We backed off hoping the cat would move but he remained hidden. We convinced Jargal to let us remain with the cat until it moved while the others returned to camp. We had some camp chairs in our vehicle and set them up for the wait. It was so peaceful to be alone on the Mongolian Steppe with a Pallas’s Cat just 30 feet away. As we waited, a few Brandt’s Voles popped up from their burrows. A Mongolian couple on a motorbike stopped by curious as to what these foreigners were doing. We waved and said hi and they went on their way shaking their heads. After 3 long hours, we got up to check on the cat. He was still there! His patience was outlasting ours. We got a little too close and he jumped up and sprinted off across the Steppe. We were unprepared for his hasty departure but Marc was able to get a photo.
Early the next morning we went off in search of more Pallas’s Cats before starting the long drive back to Ulaanbaatar. Even with the help of Oogi’s assistants, we weren’t able to find another cat. Reluctantly we continued our journey west toward the capital city. Once back on the main road, Marc was able to photograph a Steppe Eagle flying away from the highway.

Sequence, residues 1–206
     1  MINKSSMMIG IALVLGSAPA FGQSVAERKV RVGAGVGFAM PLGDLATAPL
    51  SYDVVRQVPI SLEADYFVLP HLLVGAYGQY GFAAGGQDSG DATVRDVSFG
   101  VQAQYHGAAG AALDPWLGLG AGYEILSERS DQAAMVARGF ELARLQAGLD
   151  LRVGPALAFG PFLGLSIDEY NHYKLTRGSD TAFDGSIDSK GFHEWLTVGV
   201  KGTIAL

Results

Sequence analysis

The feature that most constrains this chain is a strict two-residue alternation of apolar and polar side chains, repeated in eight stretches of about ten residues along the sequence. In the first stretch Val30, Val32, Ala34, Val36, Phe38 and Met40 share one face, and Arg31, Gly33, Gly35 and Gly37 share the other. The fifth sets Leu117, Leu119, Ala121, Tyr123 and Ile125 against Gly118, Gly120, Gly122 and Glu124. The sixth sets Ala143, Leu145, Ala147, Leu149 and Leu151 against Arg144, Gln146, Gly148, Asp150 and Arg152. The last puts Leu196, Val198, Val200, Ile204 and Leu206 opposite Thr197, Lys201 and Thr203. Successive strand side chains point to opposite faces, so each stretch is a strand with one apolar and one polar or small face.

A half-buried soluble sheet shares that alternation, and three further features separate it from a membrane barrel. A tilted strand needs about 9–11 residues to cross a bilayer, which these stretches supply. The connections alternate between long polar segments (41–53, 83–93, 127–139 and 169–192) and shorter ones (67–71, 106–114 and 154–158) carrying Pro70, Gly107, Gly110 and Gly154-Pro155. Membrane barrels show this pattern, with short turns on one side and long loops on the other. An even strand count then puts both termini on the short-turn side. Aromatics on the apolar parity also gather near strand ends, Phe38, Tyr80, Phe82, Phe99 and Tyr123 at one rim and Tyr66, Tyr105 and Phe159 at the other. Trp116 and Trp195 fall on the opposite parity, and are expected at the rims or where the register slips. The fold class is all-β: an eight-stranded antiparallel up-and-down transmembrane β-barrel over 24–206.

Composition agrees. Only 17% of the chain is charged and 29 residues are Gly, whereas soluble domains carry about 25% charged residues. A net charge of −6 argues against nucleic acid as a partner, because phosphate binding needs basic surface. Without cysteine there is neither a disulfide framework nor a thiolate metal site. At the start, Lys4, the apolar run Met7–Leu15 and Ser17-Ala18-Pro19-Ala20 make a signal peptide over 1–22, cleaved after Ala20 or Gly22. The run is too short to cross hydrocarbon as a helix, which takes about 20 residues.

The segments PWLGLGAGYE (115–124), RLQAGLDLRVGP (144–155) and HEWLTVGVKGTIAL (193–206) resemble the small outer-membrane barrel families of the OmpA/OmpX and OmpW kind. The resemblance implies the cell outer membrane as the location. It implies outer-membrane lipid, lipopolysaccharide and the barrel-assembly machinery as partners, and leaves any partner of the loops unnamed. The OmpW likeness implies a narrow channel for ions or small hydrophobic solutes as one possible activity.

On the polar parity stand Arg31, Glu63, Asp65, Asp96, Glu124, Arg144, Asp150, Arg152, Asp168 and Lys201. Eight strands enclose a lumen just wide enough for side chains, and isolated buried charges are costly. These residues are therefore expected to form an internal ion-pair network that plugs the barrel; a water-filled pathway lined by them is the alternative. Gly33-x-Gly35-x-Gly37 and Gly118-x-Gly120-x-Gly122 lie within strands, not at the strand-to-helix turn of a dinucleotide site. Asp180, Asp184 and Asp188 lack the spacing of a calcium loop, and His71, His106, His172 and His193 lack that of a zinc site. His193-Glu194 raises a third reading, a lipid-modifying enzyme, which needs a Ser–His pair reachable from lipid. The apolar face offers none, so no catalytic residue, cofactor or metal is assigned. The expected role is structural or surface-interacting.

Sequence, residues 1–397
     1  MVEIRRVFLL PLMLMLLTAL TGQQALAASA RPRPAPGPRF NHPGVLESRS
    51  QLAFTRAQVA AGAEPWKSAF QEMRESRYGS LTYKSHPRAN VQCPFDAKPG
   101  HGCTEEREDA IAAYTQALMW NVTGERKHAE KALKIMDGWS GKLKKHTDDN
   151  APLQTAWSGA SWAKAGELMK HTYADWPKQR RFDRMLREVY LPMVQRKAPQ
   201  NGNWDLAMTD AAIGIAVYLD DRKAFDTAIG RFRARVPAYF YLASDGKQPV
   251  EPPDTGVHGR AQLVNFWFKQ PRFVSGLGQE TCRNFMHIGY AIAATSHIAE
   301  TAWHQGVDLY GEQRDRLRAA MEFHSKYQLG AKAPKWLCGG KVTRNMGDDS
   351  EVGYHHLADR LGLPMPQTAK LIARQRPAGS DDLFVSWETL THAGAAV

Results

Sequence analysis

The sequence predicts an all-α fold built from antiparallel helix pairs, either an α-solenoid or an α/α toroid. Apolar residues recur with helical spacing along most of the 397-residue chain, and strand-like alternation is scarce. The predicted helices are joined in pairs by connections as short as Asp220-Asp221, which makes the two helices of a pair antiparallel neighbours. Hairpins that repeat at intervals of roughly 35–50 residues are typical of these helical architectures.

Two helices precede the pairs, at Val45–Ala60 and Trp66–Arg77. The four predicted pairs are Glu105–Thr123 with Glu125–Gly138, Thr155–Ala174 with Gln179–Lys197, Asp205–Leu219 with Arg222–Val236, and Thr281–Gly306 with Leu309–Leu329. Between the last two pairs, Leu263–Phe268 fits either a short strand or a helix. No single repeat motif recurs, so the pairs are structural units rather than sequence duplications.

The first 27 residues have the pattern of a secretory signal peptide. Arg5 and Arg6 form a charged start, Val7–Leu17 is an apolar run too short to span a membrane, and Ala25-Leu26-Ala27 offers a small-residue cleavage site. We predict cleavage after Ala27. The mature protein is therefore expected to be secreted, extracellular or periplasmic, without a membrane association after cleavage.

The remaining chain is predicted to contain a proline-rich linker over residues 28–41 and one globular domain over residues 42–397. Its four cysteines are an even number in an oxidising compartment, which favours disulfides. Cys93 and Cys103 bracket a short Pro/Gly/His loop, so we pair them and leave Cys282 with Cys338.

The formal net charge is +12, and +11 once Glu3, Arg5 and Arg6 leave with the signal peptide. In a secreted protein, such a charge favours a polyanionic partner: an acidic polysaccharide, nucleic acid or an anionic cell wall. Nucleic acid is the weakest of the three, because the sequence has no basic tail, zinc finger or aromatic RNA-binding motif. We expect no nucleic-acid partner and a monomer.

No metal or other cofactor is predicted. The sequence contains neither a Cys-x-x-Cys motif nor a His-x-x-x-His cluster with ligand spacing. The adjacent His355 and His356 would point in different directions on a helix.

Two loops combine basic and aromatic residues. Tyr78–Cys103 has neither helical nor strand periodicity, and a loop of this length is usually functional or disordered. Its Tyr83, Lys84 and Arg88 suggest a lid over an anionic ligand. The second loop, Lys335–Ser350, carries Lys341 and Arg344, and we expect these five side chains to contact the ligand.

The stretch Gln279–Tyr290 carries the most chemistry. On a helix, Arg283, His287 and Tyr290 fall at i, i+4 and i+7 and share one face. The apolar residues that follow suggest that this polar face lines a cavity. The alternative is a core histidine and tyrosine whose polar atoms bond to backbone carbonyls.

|Steppe Eagle Flies Away|
As we neared the city, traffic ground to a standstill. My how things have changed in 13 years! Ulaanbaatar was growing at a brisk pace. High-rise apartment buildings, motorways, and fancy hotels were being constructed all around us. It was a sharp contrast to the open steppe with miles and miles of grasslands and rolling hills. After battling the traffic we finally arrived at our hotel where we would meet our group for the Snow Leopard Tour. Let’s hope our luck with the Snow Leopards will be as good as it was with the Pallas’s Cats!
We hope all is well with everyone.
Peggy and Marc